[Marxism] Cincinnati gets first Black police chief
jayrothermel at gmail.com
Mon Aug 15 11:21:37 MDT 2011
Ohio social democracy's "minimum program" seems to be very minimum indeed
these days. Below are excerpts from an article by Ohio's foremost social
democrat, Dan LaBotz, lauding the social struggles that got Cincinnati its
first Black police chief.
A comrade of mine here in Cleveland has a definition for this kind of
seemingly progressive capitalist maneuver: "A wolf and a sheep sit down
together to discuss the menu."
LaBotz is careful to point out in his article that the "movements from
below" in Cincinnati must remain ever-vigilant. Which is correct, because
now the Cincinnati cops have one more arrow in their quiver and a little
more freedom of movement. Just like Wall Street and Washington after a
Black president was elected. We all remember him, Barack Obama: the man
elected by the people, and who has just attempted to eliminate the Social
Security System adored by every man and woman who voted for him.
LaBotz adds all the caveats he can, but reducing the horizons of social
struggles to a series of elections, recalls, propositions, and city
government appointments which allow the ruling class to keep playing 3-card
monte or musical chairs has gotten "movements from below" further from
reality and has given the Black community nothing but further cop arrogance
The last 40 years of bourgeois politics in the United States clearly shows
that the election of Black leaders does not assure that any city's "long
history of racism, violence, and abuse is coming to an end." Quite the
opposite. The ruling has has much more elbow room.
To be fair to LaBotz, he isn't saying this appointment will end the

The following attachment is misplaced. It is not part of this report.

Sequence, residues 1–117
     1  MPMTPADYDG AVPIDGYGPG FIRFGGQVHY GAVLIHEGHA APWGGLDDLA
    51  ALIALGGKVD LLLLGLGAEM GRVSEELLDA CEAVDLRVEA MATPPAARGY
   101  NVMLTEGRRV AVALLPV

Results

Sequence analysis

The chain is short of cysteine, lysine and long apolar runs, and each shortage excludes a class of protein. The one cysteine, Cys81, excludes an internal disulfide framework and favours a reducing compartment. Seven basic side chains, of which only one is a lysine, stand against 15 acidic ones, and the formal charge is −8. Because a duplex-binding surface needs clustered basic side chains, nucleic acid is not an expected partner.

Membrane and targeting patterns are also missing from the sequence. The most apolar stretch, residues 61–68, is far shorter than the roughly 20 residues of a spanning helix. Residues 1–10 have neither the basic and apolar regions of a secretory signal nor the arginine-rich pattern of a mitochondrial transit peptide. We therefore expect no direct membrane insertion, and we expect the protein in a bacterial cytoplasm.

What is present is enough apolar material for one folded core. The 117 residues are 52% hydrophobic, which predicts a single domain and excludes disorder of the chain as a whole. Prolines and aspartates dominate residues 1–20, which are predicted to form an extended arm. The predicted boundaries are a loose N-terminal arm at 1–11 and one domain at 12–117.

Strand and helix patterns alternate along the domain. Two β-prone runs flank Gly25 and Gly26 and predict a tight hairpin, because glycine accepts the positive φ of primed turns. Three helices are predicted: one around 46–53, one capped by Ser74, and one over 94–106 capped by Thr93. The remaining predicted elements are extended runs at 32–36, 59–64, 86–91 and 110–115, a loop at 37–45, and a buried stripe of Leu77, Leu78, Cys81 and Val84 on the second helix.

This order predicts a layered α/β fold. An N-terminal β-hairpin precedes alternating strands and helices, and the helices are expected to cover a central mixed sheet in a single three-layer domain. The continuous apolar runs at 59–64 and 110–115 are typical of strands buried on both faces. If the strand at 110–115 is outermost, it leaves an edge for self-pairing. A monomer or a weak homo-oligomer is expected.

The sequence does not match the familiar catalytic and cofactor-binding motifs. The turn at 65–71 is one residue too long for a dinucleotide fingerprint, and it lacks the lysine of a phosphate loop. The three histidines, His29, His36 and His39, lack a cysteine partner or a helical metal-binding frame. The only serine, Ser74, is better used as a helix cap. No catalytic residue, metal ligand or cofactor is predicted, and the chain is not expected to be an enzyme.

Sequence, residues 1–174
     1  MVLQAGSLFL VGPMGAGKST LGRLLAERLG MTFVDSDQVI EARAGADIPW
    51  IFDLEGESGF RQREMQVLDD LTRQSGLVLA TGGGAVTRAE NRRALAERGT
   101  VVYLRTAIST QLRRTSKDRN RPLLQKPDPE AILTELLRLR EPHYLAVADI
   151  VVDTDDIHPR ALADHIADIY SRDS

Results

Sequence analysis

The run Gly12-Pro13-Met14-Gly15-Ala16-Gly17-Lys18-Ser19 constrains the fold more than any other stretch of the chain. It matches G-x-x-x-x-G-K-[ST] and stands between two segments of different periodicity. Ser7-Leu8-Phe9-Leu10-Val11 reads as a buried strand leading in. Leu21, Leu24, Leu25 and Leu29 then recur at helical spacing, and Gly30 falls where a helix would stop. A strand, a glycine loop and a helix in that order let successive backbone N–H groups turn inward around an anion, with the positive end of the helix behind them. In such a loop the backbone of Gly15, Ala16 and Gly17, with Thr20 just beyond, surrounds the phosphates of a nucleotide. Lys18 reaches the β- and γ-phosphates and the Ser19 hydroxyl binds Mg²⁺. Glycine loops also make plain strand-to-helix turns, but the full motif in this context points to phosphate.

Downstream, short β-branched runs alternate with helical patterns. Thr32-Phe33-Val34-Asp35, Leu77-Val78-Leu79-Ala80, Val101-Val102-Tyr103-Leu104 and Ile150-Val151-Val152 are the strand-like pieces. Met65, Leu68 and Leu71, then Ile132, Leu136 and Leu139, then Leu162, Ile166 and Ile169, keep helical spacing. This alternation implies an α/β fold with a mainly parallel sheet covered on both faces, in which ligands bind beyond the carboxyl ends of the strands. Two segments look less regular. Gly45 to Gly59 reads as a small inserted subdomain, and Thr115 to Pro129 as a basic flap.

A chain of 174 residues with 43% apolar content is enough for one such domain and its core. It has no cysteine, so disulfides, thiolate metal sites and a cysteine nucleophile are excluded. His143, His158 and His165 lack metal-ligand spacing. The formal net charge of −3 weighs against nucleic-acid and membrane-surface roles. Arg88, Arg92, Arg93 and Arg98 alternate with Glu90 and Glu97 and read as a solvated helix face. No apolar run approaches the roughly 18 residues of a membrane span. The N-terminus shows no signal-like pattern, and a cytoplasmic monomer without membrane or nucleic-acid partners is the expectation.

Cincinnati PD's "long history of racism, violence, and abuse," just that he
hopes things are now moving in a better direction.
Cops are cops, no matter what the nationality. And they only head in one
direction where workers and oppressed nationalities are concerned.
Cincinnati: First Outsider, First African American Police Chief, a Victory
after Decades of Struggle for Racial Justice
by Dan La Botz
Ten years ago movements from below placed demands on the table that could
not be ignored and led to the collaborative agreement and then to the new
police chief that Cincinnati has today.
restoration of public accountability of the police force
reform of government and election procedures
If today we have a new black police chief, it is less because of the good
will of Mayor Mark Mallory and City Manager Milton R. Dohony, Jr., and more
the result of a decade of struggle by African American Cincinnati residents
and their white allies.
breaks with the city's bankrupt political traditions.
domination of a white West Side clique within the force made it virtually
impossible for the department's leaders to understand the issues facing the
African American community.
Craig [the new chief] worked in the 1970s in the Detroit Police Department,
in the 1980s in the Los Angeles Police Department, and then Portland, Maine.
most in Cincinnati will be wishing him well and hoping that the Cincinnati
Police Department's long history of racism, violence, and abuse is coming to
citizens still need to be vigilant in overseeing policing operations and the
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